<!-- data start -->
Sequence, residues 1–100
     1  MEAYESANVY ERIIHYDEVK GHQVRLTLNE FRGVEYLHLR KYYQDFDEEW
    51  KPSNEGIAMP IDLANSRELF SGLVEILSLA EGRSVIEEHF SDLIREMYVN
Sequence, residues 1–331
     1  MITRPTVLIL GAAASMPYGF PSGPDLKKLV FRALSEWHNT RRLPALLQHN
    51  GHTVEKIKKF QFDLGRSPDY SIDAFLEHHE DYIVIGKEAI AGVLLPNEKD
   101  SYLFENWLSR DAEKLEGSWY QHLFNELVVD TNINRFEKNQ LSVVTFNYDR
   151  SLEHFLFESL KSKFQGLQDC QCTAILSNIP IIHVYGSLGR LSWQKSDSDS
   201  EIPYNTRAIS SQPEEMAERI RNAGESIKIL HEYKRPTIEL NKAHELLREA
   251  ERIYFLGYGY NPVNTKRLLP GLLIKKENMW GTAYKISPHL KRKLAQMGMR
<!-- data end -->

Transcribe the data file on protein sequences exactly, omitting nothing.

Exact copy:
Sequence, residues 1–100
     1  MEAYESANVY ERIIHYDEVK GHQVRLTLNE FRGVEYLHLR KYYQDFDEEW
    51  KPSNEGIAMP IDLANSRELF SGLVEILSLA EGRSVIEEHF SDLIREMYVN
Sequence, residues 1–331
     1  MITRPTVLIL GAAASMPYGF PSGPDLKKLV FRALSEWHNT RRLPALLQHN
    51  GHTVEKIKKF QFDLGRSPDY SIDAFLEHHE DYIVIGKEAI AGVLLPNEKD
   101  SYLFENWLSR DAEKLEGSWY QHLFNELVVD TNINRFEKNQ LSVVTFNYDR
   151  SLEHFLFESL KSKFQGLQDC QCTAILSNIP IIHVYGSLGR LSWQKSDSDS
   201  EIPYNTRAIS SQPEEMAERI RNAGESIKIL HEYKRPTIEL NKAHELLREA
   251  ERIYFLGYGY NPVNTKRLLP GLLIKKENMW GTAYKISPHL KRKLAQMGMR